Let’s shut down Zimbabwe!

Letters to the editor

THE recent university fee hikes would not have been exorbitant if we had a working currency, a listening government and overally a working economy.

When the Zimbabwe National Students Union called for a shutdown, I shared this with my friends who asked me to divide the student fees by the black market rate. We realised that varsity students are paying an equivalent to US$200. But there is catch.

How much is being given to our fathers by the same government that is hiking fees in the State institutions? They are earning less than US$100 at the prevailing black market rate.

Now, this protest is essentially not premised on cheap education. It is premised on affordable education.

By affordable, I mean something that is within the reach of someone coming from an average family, someone whose father or mother is a civil servant. You cannot pay a teacher an equivalent of $80 and charge her two children who are at university US$200 each. It makes no sense.

Today’s shutdown is a signal to the government that the citizens can no longer breathe.  It is a signal that there is decay in the nation. The currency is losing value at a frightening pace, the economy is in shambles and the salaries the civil servants are getting are not enough to earn a decent living.

When the University of Zimbabwe students protested, 10 arrests were made. This is something that was not even supposed to happen, but because of the draconian laws and the heavy handedness of the law enforcement agents, they were arrested and in so doing, the government showed that it does not care. Our parents are forced to hustle to make ends meet. Pay our parents a decent wage and see if we complain.

The students, with the backing of Zimbabweans,  have shifted gears; they are demanding answers to critical questions.

Our education system is in shambles. There is nothing to show for the natural resources that Zimbabwe is endowed with.

The money raised from the sale of our resources, which is supposed to be used for developing our higher learning institutions, is being looted.

While this happens, we are here as vene venyika (owners of the country), cheering on politicians who are hiking our fees to exorbitant levels, looting our resources, heavily taxing us and coming back to us to ask for votes! Fellow Zimbabweans, today is the day, let us build the country! –Desire Kateyera

Govt should restore teachers’ dignity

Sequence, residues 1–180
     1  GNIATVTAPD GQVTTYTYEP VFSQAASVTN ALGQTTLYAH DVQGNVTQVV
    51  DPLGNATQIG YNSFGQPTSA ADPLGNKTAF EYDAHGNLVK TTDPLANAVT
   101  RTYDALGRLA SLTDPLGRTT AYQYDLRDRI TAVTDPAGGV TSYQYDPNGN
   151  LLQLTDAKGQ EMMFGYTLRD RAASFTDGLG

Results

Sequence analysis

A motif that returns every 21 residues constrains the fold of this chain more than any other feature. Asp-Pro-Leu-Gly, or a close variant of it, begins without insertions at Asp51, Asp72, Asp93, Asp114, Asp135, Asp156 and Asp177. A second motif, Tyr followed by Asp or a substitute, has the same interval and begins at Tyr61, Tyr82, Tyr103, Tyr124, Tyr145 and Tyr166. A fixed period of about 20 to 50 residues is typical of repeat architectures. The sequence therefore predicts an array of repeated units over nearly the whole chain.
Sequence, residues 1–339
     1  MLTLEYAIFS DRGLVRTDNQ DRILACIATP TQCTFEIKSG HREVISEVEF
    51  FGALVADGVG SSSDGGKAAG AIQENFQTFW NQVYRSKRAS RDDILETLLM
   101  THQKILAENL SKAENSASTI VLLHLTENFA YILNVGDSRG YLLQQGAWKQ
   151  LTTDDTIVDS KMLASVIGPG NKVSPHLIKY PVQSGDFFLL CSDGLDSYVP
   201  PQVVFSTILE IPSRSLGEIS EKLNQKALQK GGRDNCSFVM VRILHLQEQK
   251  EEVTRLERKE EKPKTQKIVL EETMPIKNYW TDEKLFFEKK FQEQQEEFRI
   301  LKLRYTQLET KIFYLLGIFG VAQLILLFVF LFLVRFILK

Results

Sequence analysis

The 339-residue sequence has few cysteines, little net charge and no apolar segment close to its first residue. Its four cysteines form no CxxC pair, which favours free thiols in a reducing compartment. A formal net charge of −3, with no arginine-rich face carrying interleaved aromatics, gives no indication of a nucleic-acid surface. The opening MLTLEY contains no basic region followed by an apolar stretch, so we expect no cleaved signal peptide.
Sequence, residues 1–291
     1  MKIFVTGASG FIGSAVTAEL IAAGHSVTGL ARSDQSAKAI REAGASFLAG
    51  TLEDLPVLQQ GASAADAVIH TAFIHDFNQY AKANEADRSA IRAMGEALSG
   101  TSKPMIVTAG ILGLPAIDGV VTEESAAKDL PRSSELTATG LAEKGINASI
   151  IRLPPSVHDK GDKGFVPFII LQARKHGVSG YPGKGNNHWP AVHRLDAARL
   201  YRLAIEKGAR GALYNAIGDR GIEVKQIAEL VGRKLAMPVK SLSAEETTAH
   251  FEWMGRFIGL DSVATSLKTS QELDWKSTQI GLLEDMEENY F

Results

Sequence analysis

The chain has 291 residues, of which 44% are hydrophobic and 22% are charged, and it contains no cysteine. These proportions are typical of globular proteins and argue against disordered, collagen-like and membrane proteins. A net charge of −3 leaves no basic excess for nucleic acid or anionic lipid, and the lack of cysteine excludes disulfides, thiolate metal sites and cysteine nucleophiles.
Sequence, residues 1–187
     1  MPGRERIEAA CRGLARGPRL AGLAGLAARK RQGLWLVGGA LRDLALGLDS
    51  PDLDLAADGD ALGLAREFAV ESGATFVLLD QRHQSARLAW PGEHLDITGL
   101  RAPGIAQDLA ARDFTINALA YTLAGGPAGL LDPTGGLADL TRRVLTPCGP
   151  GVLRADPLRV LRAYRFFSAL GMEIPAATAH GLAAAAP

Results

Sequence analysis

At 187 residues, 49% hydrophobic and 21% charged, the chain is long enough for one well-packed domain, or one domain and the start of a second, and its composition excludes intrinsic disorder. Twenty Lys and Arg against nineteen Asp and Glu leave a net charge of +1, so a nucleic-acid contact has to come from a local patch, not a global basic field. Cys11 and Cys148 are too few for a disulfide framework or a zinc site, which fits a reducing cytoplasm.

AFRICAN leaders have never valued education. It is never their culture to learn and explore.

The current leadership in Zimbabwe is a very good example. Our leadership does not even value quality education. It is silently killing our education system because it wants to hang on to power.

Teachers play a very important and pivotal role in shaping society and empowering it through unpacking knowledge.

Why are Zimbabwean teachers still being paid peanuts under such a harsh economic environment? We always see them engaging in strike action and the cycle continues unabated, thereby disrupting and interfering with the time for students to learn.

I am surprised by the utterances by President Emmerson Mnangagwa who said government could not be armtwisted by teachers. Have teachers become enemies of the State or do they pose a threat to national security?

The fact will remain that teachers across the country are incapacitated and the government must pay them a living wage.

School pupils are now involved in anti-social vices because of the absence of teachers. The system has destroyed the future of the next generations. A once vibrant Zimbabwean education is slowly going down the drain, while leaders are watching.

Most parents cannot afford to send their children to private schools and the government is creating a situation whereby marginalised children will end up not accessing quality education.

It will be the preserve of those from rich backgrounds.

Pupils are unhappy with an ongoing salary impasse which the government is failing to tackle, which has forced them to go on strike. The situation will degenerate into chaos if government continues to ignore the plight of teachers. This is what caused the Soweto uprising of 1976 in South Africa, where students protested because they were being ill-treated.